Many have been predicting the demise of Netflix as Disney prepare to launch their highly anticipated streaming service “Disney Plus”.
It was originally though that the two would go head to head pitching show vs show or film vs film, but recent Disney announcements show this will not be the case.
Disney have decided to show their cards by announcing a bundle deal that is a direct attack on Netflix.
This bundle has a very familiar price of $12.99 and will include Disney Plus, Hulu and ESPN. Conveniently $12.99 is the price of the most popular Netflix option which has many claiming that Disney have Netflix in their crosshairs.
Industry experts are concerned Netflix will not be able to compete with Disney Plus as a standalone product on the entertainment front, add sports and broadcasting to the offering for the same price and Netflix have a huge hurdle to overcome.
Fortunately for Disney their entertainment studios are holding the fort as they look set to have the best box office year in history.
Thanks to movies; Avengers Endgame, Captain Marvel, Aladdin, Toy Story 4 and Lion King, Disney are on the verge of a ground-breaking year that will re-arrange the history books.
It is no secret that TV viewership is declining, with Disney not being immune to this. The disruption is being dubbed “Cord cutting” as Forbes report; “Last year half of all Americans aged 22 to 45 watched zero hours of cable TV”. This single fact is the biggest reason for Netflix’s potential downfall.
With Disney experiencing success in their film department and constant monopoly of theme parks, having the blemish of poor TV viewing figures will not sit well. They have almost been forced to enter the streaming space triggering a “high priority” march to become the global leader replacing Netflix.
The assembling of a $12.99 bundle package for Disney Plus is clear indication of their intentions to move into a space that is going through industry disruption due to the viewing preferences of a younger generation.
Netflix were the first to recognise this change and may be, along with YouTube the main catalysts. However, Netflix may soon become the caterpillar to the pending butterfly that is Disney Plus.
As expected, Netflix are not lying down and allowing Disney to effortlessly take control of the streaming industry.
Netflix have invested $520m to make three big budget films to counter-act the challenge. These include Martin Scorsese’s “The Irishman”, “6 Underground” a Michael Bay film and “Red Notice” staring Dwayne Johnson, Gal Gadot and Ryan Reynolds.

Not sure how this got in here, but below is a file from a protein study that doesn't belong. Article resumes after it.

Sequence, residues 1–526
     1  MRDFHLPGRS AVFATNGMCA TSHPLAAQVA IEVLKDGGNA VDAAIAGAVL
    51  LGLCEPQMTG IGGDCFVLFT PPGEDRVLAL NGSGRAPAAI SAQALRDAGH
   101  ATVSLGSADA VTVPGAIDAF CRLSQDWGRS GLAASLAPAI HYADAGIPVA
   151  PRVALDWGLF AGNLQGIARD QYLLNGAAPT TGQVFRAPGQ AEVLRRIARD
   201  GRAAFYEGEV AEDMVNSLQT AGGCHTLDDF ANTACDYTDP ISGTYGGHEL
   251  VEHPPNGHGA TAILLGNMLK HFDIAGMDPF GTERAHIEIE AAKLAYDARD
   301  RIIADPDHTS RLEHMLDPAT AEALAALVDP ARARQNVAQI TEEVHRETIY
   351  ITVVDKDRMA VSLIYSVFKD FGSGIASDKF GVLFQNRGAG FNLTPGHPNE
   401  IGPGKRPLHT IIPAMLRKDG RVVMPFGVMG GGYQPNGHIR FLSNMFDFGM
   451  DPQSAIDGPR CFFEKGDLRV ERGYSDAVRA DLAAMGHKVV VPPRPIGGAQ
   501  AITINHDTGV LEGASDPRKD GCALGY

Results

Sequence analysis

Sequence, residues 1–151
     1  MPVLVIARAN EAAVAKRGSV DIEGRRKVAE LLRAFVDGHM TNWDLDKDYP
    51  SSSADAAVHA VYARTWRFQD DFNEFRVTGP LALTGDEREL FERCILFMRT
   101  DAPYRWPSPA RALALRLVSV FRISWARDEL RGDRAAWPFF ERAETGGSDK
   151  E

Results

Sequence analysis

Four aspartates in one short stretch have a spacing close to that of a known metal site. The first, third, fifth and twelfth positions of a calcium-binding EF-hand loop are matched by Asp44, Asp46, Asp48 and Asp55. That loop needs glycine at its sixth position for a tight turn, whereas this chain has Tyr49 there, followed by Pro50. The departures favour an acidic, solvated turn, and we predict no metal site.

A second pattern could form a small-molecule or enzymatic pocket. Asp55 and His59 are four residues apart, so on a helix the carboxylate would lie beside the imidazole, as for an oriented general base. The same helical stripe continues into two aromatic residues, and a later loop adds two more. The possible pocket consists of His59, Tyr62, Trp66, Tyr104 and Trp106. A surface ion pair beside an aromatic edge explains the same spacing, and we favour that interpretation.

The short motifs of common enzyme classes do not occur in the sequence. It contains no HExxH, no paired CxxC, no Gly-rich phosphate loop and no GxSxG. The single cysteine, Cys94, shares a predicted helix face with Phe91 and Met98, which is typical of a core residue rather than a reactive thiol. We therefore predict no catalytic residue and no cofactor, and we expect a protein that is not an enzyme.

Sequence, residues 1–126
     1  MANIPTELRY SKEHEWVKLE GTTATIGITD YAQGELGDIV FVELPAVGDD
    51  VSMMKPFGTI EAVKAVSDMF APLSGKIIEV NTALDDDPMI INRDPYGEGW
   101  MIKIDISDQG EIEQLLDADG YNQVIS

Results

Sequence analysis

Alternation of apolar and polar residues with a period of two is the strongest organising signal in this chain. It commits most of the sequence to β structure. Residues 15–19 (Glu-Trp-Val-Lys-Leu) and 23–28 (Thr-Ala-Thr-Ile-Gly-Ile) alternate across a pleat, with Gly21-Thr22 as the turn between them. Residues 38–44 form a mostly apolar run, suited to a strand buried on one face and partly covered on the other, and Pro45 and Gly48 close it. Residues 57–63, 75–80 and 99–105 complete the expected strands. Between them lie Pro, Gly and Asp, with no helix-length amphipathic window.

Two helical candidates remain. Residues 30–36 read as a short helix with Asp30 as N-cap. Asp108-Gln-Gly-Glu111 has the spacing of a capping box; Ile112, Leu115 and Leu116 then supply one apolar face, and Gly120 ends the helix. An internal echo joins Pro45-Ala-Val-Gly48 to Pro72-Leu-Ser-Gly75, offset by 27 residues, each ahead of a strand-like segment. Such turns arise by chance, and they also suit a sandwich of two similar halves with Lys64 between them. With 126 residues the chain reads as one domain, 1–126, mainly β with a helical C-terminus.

The Irishman will be the most expensive adult drama in recent history, costing $200m. Following on from this, industry experts forecast Netflix will spend $15 billion on programming this year as they attempt to bolster their film library which accounts for one-third of its total viewership.
The huge investment from Netflix feels very much like an all-or-bust effort to remain on top. This raises the inevitable question; will it pay off?
Netflix’s stock price has rocketed 8,300% since 2009, dwarfing even the growth of Amazon.
Despite this, in May, Forbes wrote an article titled; “Netflix has 175 days left to pull off a miracle…or it’s all over”.
In 2018 Netflix invested $12 billion creating new content, in 2019 they toiled to gather further investment for what is expected to reach $15 billion by years end for the same purpose. Most would agree this strategy is not sustainable.
The argument for Netflix is coming from those who claim that “unique content” will be their saviour.
With Disney having invested $120 million ($15 million) per episode on their Star Wars spin-off “The Mandalorian” it is hard to argue for even the biggest Netflix fan that they can continue to compete with such sustained spending like Disney can.
If they do manage to achieve this, they are still facing the gargantuan task of creating better content than Disney in order to persuade the public that they are the superior subscription service.
When all the dust settles, the future of Netflix may depend on a single decision from consumers, are they willing to pay for both?
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